Chartbook #53 The history of the Havanese - Accompanying Ones and Tooze
Ones and Tooze this week is about JOLTS, the great resignation and about pets and pet food.
Its a huge industry. $100 billion per annum in spending in the US. And pet spending is highly income elastic. What drives it, is our deep attachment to companion animals.
As Cameron and I discuss living with a pet, particularly a human-centered dog can be a transformative experience - intimacy with a being that is not human.
In large part as a result of caring for Ruby, our Havanese, I’ve given up eating meat. As I would freely acknowledge, given the carnivorous appetites of dogs, this is not a straightforwardly logical response.
I’ve also acquired a new appreciation for the kind of animism that sees animals as the bearers of a peculiar spirit. That’s a rather highfalutin way of saying that the apartment in New York feels dead when Ruby the dog is not at home.
But I’ve also acquired an appreciation for the history of the human-canine relationship. The Havanese breed, it turns out, has a rather remarkable history, intertwined with Empire.
A constituency of amateur historians has dedicated themselves to unravelling a complicated narrative. Their work is a gift to anyone interested in canine history.
Havanese are one of the branches of the large family of bichon.
The family originated in the Mediterranean, where we find the Maltese and Bologenese breeds. In the 15th century they became entangled in a complex circulation of power and biology history within the Spanish empire, a circulation that runs by way of the Canary Islands.
The Canary Islands were first settled by humans and their livestock around 900 BC from north Africa. The romans gave them their name, Insular Canaria, not for birds - canaries - but for dogs (canaria).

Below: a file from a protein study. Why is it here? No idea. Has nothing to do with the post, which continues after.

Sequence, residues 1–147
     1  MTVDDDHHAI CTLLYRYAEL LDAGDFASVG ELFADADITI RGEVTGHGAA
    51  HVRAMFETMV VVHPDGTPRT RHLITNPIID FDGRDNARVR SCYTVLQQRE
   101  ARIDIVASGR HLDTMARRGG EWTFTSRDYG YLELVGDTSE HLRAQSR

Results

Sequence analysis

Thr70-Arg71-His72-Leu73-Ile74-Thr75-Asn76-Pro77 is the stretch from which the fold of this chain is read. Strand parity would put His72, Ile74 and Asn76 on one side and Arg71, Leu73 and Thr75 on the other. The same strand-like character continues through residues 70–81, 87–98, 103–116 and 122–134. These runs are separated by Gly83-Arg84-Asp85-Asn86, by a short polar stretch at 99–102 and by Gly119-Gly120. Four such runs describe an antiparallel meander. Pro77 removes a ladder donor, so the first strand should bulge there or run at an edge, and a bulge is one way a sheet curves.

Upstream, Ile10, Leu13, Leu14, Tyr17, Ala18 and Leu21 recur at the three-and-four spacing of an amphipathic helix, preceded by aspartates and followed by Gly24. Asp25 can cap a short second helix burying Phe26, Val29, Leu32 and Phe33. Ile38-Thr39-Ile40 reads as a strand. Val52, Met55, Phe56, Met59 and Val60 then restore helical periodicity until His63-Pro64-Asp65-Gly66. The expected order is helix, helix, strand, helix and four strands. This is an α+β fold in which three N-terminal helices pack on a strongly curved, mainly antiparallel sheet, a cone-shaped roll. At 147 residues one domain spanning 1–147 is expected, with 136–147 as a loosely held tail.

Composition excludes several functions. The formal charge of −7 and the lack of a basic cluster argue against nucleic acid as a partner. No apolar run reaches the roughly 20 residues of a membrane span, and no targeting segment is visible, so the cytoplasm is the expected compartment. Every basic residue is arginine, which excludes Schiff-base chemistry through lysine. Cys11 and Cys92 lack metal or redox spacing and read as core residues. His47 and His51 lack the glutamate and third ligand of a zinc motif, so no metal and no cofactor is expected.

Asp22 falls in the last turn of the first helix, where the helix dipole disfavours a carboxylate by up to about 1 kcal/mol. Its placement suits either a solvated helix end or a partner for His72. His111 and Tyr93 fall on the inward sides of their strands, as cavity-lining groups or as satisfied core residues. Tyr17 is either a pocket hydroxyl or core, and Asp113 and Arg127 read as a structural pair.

After the fall of Rome, the Canary islands disappear from maps for many centuries, forming an isolated cultural, political and biological system.
In 1150 an Arab geographer wrote about them. In 1312 the Portuguese established a Catholic mission on Lanzarote (part of the Canary Islands). Traveling with Spanish and Italian sailors, small bichon dogs most likely arrived on the islands in the 1300s.
As a key launching pad for Atlantic exploration, the Canary Islands did not long escape the interest of the expanding Spanish empire. The Castilian ‘Reyes Catolicos’ (Catholic Kings) conquest of the Canary Islands began in early 1400’s and preceded through years of bloody struggle. Only in 1479 did the ruler of the Canaries recognize Spanish sovereignty, with Tenerife being the last island to surrender in 1496.
The great environmental historian Alfred W. Crosby offers a remarkable, “Ecohistory of the Canary Islands: A Precursor of European Colonialization in the New World and Australasia” in Environmental Review 1984.
In 1492, Columbus came to the islands to restock his western bound ship. It was by way of the Canary Islands the sugar cane most likely reached the Caribbean. And it was also from the Canary Islands that the ancestors of the Havanese dog arrived in Cuba.
In the mean time however, in a pattern that would repeat, the bichon dogs originally brought to the Canarys from Europe were reimported to Europe, and were given the name Tenerife dogs. They were a fashionable accessory in Renaissance court society, notably at the royal court of Francis I of France (1515-1547).
In this era they appeared in paintings by Titian.
Portrait of Federico II Gonzaga of Mantua (c. 1529) is a painting by Titian, who signed it Ticianus f. with his faithful Maltese.
Britain’s Queen Anne (1665-1714), a greater lover of dogs, acquiring two bichon after she saw them performing in a circus.
Anne, circa 1684, painted by Willem Wissing and Jan van der Vaardt
Goya (1746-1828) matched the Duchess of Alba or the White Duchess, with the fur of a bichon or a “white Havanese”.
In Cuba, the Havanese bichon were the lap dogs of the local aristocracy.
Cuba was one of the richest islands in the Caribbean attracted many visitors. Havanese circulated as tourist trophies. They were not just lap dogs. They were gift dogs, presented as tokens to distinguished guests.
As one particularly rich history notes:
Cuban author and founder of the cuban Habanero Club, Zoila Portuendo Guerra brings forth perhaps the most logical theory in her book titled "Bichon Havanese". Her extensive research has attempted to sort through the lore, fact and fiction and presents a plausible progression that incorporates facets of the many other theories. She is adamant that there have been two Cuban breeds.